Fast forward again to today’s reading. The apostles are gathered together in that room, and again the Holy Spirit appears. In this moment that is the beginning of their ministry, the Holy Spirit fills them, just as the Holy Spirit had filled Jesus. Luke is making a point here: he is trying to connect these two events. The beginning of Jesus’ ministry is saturated with the Holy Spirit, and the beginning of the Apostles’ ministry is also saturated with the Holy Spirit because their lives and Jesus’ life is connected as one. They are not mimicking Jesus, they are not doing exactly the same things. Jesus was not married, some of them were; Jesus’s ministry was only three years, their ministry went on for much longer. It was not mimicking, but grounding. Their lives are grounded in Jesus.
So this feast really is about Jesus, isn’t it? Jesus and the Apostles are now one—one and the same Spirit, “they who are the Body of Christ”, as Paul puts it in the Epistle. So they, filled with the Holy Spirit, are now the ones to proclaim the Good News to the poor. They are now the ones to proclaim the Good News of release to the captives and recovery of sight to the blind and freedom to the oppressed and the year of the Lord’s favor; to start afresh in this world, cancelling out the past for a future filled with love and grace and mercy; to proclaim the year of the Lord’s favor.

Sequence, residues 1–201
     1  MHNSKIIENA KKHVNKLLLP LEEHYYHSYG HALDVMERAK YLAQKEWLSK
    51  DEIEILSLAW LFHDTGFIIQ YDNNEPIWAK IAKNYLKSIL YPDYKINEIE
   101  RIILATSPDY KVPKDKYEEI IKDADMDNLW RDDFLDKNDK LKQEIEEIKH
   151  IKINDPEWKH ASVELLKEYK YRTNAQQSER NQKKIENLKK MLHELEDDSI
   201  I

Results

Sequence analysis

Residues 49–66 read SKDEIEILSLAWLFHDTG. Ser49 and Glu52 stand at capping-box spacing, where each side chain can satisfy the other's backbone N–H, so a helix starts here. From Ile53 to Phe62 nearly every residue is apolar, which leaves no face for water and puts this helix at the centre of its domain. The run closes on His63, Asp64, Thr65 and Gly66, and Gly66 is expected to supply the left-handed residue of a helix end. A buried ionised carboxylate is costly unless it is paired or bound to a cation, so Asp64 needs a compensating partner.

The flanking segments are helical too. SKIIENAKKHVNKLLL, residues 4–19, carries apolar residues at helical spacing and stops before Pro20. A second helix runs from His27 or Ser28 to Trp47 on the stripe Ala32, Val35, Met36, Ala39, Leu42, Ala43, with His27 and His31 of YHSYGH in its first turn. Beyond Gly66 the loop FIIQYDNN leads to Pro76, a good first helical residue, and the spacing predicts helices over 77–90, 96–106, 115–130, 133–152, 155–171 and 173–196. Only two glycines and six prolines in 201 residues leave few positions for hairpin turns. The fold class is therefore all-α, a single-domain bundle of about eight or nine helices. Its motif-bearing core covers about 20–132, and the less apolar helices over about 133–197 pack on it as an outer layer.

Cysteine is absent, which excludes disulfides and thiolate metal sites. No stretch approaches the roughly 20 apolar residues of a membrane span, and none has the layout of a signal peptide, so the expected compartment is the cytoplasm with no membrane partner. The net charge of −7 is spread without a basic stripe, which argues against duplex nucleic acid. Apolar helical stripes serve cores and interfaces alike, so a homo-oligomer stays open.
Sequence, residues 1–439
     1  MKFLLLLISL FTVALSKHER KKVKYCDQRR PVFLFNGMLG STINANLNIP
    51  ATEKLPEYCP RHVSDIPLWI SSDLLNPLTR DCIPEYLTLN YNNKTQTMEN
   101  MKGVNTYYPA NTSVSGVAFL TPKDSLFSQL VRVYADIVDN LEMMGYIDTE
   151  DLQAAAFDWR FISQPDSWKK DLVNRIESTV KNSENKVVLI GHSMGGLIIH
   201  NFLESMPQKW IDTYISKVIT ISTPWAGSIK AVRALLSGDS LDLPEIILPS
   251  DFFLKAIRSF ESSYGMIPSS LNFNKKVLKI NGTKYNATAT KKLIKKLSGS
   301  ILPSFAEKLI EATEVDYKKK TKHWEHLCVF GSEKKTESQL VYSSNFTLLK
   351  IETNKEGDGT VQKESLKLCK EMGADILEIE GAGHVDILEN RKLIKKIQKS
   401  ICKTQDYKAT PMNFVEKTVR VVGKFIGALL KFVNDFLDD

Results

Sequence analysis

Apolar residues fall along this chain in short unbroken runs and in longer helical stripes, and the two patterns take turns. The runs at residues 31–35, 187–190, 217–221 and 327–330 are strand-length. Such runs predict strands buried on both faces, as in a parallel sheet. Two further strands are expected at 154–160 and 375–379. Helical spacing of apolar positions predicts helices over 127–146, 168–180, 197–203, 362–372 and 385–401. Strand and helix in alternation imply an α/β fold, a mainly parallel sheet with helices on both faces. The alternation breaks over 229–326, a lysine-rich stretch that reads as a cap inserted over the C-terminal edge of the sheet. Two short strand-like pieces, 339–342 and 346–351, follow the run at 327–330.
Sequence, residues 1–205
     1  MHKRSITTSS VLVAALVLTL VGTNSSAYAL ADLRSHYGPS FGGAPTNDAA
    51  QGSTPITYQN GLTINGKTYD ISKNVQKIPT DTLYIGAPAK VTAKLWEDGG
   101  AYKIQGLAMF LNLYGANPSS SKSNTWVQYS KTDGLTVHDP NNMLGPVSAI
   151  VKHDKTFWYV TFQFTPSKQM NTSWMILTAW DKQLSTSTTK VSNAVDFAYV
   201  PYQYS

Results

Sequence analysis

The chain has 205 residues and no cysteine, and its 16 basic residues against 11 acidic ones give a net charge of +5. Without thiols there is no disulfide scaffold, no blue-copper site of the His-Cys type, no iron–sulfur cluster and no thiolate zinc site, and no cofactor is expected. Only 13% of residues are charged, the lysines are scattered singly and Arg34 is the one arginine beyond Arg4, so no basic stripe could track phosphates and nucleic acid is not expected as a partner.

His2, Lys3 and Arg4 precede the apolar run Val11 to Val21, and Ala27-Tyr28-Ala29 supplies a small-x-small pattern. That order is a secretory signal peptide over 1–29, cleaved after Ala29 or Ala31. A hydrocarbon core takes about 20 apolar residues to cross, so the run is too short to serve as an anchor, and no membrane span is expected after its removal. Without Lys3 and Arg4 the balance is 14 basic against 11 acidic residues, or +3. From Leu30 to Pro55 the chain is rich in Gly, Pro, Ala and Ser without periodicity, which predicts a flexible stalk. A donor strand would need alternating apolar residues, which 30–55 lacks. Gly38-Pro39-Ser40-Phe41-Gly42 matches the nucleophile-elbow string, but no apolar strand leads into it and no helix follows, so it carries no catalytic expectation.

You know where I’m going with this, don’t you? The Holy Spirit has filled us. That mantle that was passed down from Jesus to the Apostles, that has been passed down through the ages has been passed on to us. We are the Body of Christ, and the Holy Spirit has filled us so we can proclaim the same thing. The Spirit of the Lord is upon us, and today it is being fulfilled in our sight. We have to be like those Apostles with the Holy Spirit down on our heads like tongues of flames, and the Holy Spirit as a fire lit underneath us to push us out into the world to proclaim this Good News to all who need to hear it: to the poor, the captive, the blind, the oppressed, and to anyone in pain or sorrow or challenge or difficulty in this life. We must take them that Good News and proclaim the year of the Lord’s favor.
And so, my sisters and brothers in Christ, be renewed this day by the Holy Spirit. The Holy Spirit who came upon you in your baptism, the Holy Spirit who comes upon you every day, the Holy Spirit who is like those tongues of flames above you, and that fiery flame of Holy Spirit that has been lit underneath you to go proclaim this Good News into a hurting world.